Basically, what I'm asking you is, what exactly do you want to
leave here with at the end of the session or end of the project? Compact disc? MP3's? WAV files? All
the individual tracks/files? USB flash drive? Or just upload them to the
Quite often I get blank stares and puzzled looks when I ask the question. So let
me explain the options and that should give you a general idea. I cover some of
these topics in more detail here.
Optical media. Recordable type compact discs. Playable
(hopefully) in any CD audio player.
For the longest time, this was the standard. Everyone wanted a CD. Everybody had
a CD player. That's not necessarily true anymore. Optical media has been fading
away for a few years now. Everything is kinda heading towards digital downloads.
Less than half of my clients are asking for CD's now. Most are going direct to
the internet with MP3's and/or WAV files.
More and more clients want only MP3 files. MP3 is the standard for Internet audio distribution. The files can be uploaded/downloaded and shared easily on the internet.
They can also be sent from person to person via normal
email channels. I can burn the MP3's onto a CD-R data disc, or electronically send
them to you over the internet (usually via my studio server, standard email or Hightail/Dropbox),
or saved to your USB flash memory drive. Whichever you
WAV files are the larger, and generally better sounding, audio files that are created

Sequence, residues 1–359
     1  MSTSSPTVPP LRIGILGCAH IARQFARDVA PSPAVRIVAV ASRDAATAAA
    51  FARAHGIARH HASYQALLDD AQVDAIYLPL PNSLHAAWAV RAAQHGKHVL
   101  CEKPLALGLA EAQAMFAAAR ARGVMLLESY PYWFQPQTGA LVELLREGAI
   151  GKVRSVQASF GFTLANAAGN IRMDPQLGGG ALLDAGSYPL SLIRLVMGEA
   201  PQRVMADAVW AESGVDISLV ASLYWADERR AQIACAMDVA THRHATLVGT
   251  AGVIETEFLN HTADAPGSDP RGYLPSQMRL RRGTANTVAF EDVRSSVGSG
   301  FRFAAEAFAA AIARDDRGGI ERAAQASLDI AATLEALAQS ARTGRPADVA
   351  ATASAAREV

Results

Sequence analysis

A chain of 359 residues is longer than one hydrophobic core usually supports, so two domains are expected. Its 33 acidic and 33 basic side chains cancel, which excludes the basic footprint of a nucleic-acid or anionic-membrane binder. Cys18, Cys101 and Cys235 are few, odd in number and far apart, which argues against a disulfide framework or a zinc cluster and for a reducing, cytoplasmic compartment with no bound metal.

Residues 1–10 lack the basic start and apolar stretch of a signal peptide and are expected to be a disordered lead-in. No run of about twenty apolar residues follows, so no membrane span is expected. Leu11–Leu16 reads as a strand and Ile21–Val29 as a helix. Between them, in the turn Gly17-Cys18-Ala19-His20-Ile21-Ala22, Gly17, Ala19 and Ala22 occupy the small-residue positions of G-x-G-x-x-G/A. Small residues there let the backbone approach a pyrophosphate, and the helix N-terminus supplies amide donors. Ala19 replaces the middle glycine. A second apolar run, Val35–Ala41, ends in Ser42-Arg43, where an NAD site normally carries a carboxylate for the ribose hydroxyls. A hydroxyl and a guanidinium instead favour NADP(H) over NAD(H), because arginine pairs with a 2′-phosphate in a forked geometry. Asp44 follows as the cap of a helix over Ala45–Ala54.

directly from the recording application. Everything I record here starts out in WAV format.
That's the industry standard for PC based audio files (Apple has it's own format
called AIFF which is similar to WAV). This would be the thing to request if
you're planning on burning your own CD duplicates or making MP3s to upload to
the various internet radio or streaming services. Some services require that you
upload only WAV files (Bandcamp for example).
USB flash drives
These are the small keychain devices
you can buy at Best Buy or Walmart or OfficeMax or many other convenience
stores. They typically come in different
flavors and with varying amounts of memory storage capability. You plug it
into your PC's USB port and you can store data on it. The typical storage
capacity is 8-256 GB. The 16GB models can be had for less than ten bucks. You'll
have to decide if you want a USB 2 or USB 3 model. The USB 2/3 reference makes a
difference. USB 3 is generally faster in terms of data speed (both read and
write) but not all USB ports support USB 3 (my 2012 Nissan Sentra doesn't). If
you're not sure, pick USB 2. It's fast enough for storing small amounts of files
Portable hard drives
You can also bring in a portable USB
hard drive (an actual hard drive in
an electronic enclosure). Most people would have something like this for backing
up their home or laptop PC's. Make sure the drive is formatted for a PC (not an
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